($100 Face Value Bag) Now: 40% Month Ago: 33% Year Ago: 5%
You read that right, a 40% premium on junk silver! Up from a 5% premium a year ago. This is indicating a long term, structural supply problem in 90% junk silver. The only way to remedy this situation will be with much higher prices, either through a higher spot silver price, higher premiums, or both. As of now, buyers must pay huge premiums for immediate delivery, or wait for the item to hopefully come back in stock. That is the textbook definition of what happens during a shortage. And yet, paper (ie. not bullion) quoted silver prices continue to fall, not rise.
A year ago, spot silver was $19.50 per oz. With a 5% premium, that equates to a price of $20.48 per oz of 90% junk silver one year ago. Today, the spot price of silver is $14.60.
However, with the premium at 40% instead of 5%, each (silver) ounce of 90% junk silver now costs $20.44. Contrary to media reports, and the depressed paper price, you actually pay just pennies below 52 week highs for 90% junk silver, even as silver has plunged by over 25%! Do not buy into the lies of a “falling” silver price. The downside to silver here is extremely limited, and the upside nearly unlimited. If the price heads any lower, premiums will shoot even higher, or physical metal will simply vanish until prices head higher.
90% junk silver still has a face value that is recognized in the USA, and is easily recognizable and divisible. It is often called “survival money” due to these factors. A 1964 dime is the same size and design as a 2015 dime. The only difference is the silver content. People recognize it and it is nearly impossible to counterfeit. It is ideal for small purchases.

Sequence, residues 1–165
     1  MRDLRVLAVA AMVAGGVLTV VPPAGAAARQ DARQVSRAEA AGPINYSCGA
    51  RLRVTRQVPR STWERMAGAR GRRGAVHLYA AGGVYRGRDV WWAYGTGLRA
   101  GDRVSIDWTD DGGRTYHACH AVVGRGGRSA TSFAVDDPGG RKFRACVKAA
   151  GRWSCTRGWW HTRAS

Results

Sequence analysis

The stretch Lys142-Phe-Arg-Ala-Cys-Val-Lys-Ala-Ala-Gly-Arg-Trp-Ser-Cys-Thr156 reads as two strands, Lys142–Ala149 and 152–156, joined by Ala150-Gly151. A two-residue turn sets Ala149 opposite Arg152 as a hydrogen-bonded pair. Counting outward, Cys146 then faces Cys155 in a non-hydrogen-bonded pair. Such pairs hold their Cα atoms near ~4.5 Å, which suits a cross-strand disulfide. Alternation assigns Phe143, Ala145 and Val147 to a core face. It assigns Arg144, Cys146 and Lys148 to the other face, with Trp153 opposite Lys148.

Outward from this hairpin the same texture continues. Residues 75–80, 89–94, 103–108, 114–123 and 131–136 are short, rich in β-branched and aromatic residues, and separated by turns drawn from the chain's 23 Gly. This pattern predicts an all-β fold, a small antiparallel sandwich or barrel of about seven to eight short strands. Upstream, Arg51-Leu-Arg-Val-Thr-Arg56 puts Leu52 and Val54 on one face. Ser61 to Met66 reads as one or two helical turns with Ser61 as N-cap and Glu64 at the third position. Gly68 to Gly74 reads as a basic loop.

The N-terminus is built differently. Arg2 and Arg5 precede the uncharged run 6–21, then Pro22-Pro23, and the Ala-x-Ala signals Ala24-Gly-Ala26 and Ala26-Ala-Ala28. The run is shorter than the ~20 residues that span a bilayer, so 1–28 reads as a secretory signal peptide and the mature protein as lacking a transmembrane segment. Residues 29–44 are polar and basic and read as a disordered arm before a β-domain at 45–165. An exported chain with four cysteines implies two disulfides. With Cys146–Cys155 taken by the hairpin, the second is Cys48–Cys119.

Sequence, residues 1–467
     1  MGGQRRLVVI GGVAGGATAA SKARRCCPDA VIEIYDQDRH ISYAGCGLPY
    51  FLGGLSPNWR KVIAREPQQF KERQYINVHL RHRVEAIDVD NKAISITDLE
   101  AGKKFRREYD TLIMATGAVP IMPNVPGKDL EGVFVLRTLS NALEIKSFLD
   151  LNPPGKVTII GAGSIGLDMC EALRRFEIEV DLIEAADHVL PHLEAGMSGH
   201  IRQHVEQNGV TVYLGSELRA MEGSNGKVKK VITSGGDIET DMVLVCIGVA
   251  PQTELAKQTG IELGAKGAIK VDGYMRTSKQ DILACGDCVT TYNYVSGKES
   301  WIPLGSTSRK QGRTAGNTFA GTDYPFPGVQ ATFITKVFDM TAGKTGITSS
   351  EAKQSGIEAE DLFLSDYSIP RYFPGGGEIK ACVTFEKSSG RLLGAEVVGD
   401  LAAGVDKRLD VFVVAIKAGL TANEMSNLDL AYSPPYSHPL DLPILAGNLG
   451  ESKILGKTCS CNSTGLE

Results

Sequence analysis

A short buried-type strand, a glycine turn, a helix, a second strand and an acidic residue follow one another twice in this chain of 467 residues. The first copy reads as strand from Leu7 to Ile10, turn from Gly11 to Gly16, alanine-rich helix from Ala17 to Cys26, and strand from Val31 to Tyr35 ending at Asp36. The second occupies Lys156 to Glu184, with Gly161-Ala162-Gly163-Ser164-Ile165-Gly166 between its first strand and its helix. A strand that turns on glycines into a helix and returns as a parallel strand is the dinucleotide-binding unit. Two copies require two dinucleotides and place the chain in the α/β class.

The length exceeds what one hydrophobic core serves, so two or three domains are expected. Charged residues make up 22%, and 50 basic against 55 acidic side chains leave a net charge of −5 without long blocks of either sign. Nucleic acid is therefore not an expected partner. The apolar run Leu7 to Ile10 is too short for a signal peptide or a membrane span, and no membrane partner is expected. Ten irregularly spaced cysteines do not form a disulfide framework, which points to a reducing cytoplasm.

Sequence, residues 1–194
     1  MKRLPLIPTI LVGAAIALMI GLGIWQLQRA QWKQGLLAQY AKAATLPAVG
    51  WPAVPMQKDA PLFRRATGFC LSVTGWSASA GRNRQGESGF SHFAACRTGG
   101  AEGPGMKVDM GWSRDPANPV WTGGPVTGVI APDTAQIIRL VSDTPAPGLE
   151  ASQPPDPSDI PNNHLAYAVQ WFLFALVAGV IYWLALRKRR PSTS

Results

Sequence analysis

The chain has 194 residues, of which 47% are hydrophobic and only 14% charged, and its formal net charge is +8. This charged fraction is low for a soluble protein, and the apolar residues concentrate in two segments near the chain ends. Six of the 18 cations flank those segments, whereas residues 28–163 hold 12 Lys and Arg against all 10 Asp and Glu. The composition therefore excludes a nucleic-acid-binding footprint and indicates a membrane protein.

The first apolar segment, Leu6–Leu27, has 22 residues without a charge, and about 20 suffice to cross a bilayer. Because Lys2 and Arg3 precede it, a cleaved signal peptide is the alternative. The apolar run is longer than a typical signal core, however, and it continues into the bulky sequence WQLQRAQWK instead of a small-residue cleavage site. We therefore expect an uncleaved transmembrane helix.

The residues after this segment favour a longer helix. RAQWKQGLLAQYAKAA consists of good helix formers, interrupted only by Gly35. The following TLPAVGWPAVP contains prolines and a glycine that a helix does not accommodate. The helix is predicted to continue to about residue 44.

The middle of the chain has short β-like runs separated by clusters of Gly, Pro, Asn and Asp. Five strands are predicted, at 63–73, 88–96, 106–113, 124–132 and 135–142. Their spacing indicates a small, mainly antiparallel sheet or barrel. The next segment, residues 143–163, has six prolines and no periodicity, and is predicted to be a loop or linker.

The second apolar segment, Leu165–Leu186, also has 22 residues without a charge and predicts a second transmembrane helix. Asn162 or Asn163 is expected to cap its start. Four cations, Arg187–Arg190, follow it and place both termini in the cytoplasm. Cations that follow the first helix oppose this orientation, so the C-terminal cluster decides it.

To summarize Peter Schiff from a recent interview: Silver is like a lifeboat. If you’re sure the cruise liner is going down, as many of us are when it comes to the dollar, why wait for the cruise liner to start sinking, before getting on the lifeboat?
Still not a believer in silver scarcity? Well… if you think you can go to the US mint to buy silver, think again. Silver supplies have been increasingly eratic. According to Numismaster.com, “Demand for bullion coins was so high in June and July that the Mint ran out of coins and was forced to suspend sales of silver Eagles in early July and restore its policy of rationing.”
June silver Eagle sales rose 150 percent over May. The July figure was at least double the June level. Sales cooled down in August, but who knows how long that will last? Better to be a few months too early, than even a microsecond too late, when physical silver supplies dry up for real.
And here’s a timely statement from the SilverInstitute.org: “In recent years, fabrication demand has greatly outpaced mine production forcing market participants to use existing stocks to meet demand. As these available sources continue to decline, silver’s fundamental value continues to strengthen.”
In other words, the world is not producing enough silver. Thus, existing stocks are being drawn down.
This is all part of the financial collapse/crisis scenario that I said would start this month… and it has. And it is going to get much worse, very fast from here.
If you don’t own silver now I suggest you get some… if you can find any.
Original article published by Jeff Berwick